Dilemma

Every dream needs a sacrifice to begin,
And every sacrifice needs an objective to win,
But is not every dream a sacrifice in itself,
Does it not relinquish its life to fulfill itself.

And every sacrifice is but a dream,
A dream that fulfills another dream,
But not every dream realises the sacrifice,
That the previous dream had to sacrifice.

When such a dream gets shattered,
And even its fragments get splattered,
What happens to the sacrifice done long ago,
Must it follow its dream and likewise go.

When the sacrifice itself becomes a dream,
And the dream therefore must be sacrificed,
Is it right to consider the sacrifice sacrificed,
Or does the sacrifice live on, if only as a dream.

Is any dream worth the sacrifice,
Or will mere dreaming itself suffice,
Is there any sacrifice worth a dream,
Is a person alive enough for such a dream.

We choose to sacrifice because we dreamt,
Did we ever sacrifice because others dreamt,
Sacrifice was a mere tool to get the ultimate prize,
Therefore we never dreamt to be able to sacrifice.

This is probably the most non-sensical piece of language that you have probably read till now(won’t say ever, because i am confident of writing loads more of such gibberish). Frankly initially it was supposed to be a fun poem which was to be built on an interplay of the two words. I had this concept from quite sometime, that every one of us have lots of dreams. Some that we barely remember, others that are more clearer, and others that we will never forget.

Dreams in this context are supposed to also include desires that are long unfulfilled. A lot of times, to fulfill these dreams we need to make sacrifices, and many of us think either then or retrospectively, whether the sacrifices we made were worth the dream that we set out to fulfill. Quite often we find that this is not the case, and that a lot of times it was pure satiation of the dream that drove us to the sacrifice rather than the actual worth of the sacrifice.

So as the poem progressed, it began to confound me even more, by the kinds of meanings each sentence was assuming of itself. By the time it was finished, i could no longer relate to the above lines as the poem that i had set out to write, it seemed more and more to me like a complex philosophical question about the very nature of the two terms, and the extent of their symbiosis. So much for a gamble on a fun poem.

Strangers

They couldn’t resolve it during the day, their plight,
And so it was that they parted ways one night,
Try as they did, they couldn’t let each other out of sight,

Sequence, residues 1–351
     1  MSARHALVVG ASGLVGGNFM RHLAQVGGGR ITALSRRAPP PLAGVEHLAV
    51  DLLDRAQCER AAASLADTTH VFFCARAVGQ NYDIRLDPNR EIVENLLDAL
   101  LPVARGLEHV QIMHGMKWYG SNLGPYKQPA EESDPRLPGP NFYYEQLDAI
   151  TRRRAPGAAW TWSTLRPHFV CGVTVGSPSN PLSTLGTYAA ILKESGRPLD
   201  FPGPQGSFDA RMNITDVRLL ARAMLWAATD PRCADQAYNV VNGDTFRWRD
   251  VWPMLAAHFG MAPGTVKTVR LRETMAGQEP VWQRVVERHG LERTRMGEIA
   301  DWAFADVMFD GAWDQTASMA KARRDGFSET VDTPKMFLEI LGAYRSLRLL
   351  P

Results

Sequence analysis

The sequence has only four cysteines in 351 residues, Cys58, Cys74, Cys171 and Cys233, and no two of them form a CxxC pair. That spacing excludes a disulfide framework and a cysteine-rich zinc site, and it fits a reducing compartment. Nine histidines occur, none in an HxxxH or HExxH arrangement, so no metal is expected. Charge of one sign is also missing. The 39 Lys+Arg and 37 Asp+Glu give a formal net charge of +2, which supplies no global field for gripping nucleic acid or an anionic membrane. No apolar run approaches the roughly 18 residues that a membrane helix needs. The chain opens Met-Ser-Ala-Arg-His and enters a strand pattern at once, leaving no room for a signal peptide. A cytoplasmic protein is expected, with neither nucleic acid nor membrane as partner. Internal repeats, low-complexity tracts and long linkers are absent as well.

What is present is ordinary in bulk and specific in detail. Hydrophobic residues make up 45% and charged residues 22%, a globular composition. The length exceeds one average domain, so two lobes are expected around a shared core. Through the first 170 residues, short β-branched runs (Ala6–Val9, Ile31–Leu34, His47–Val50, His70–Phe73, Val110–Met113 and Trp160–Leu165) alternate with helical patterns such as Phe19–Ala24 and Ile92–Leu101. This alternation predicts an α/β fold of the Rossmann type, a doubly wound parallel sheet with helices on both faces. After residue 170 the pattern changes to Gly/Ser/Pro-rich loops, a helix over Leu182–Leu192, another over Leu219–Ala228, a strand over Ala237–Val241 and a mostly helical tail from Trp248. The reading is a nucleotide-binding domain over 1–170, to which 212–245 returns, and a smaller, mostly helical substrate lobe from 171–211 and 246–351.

But forced they were, to get as far away before daylight.

How long this way they would stay, no one knew,
But surely to both of them, this was something new,
For, without love, one seemed a stranger,
And without life, the other seemed even stranger.

To a thousand and more hearts, travelled lonely life,
In every single one, there was only turmoil and strife,
To a thousand more beings, travelled lonelier love,
But every single one, seemed already dead somehow.

In vain did the relentless love strive,
For, not a single one it managed to find alive,
It seemed every single person that life had known,
Seemed determined to live their life all alone.

There were no more smiles, no more tears,
Only moving corpses, living out their fears,
There was no more guilt, and no more repentance,
For, nobody was even sure of their own existence.

Nobody cared for the day any longer,
And the echoes of night began getting stronger,
For, without life, of what use was the sunlight,
And without love, what else was there, but night.

But neither was the sun out of sight,
Nor was everybody deprived of its light,
For, can there be any love, devoid of life?
And devoid of love, can anything have life?

This one is another Gazebo kind, with a superlative focus on a single aspect. What if, one day, love and life decided to part ways? Was it possible, in the first place? And if so, what would come of such a happening. Were they separable? Is there any living being that is totally devoid of any kind of love? Is there any being in love that is not alive?

People already know the answer to these questions, and therefore the focus was to examine in a very superficial manner what would happen when these two inseparable things were indeed separated. In fact they seem so inseparable that they start to seem to be a single thing.

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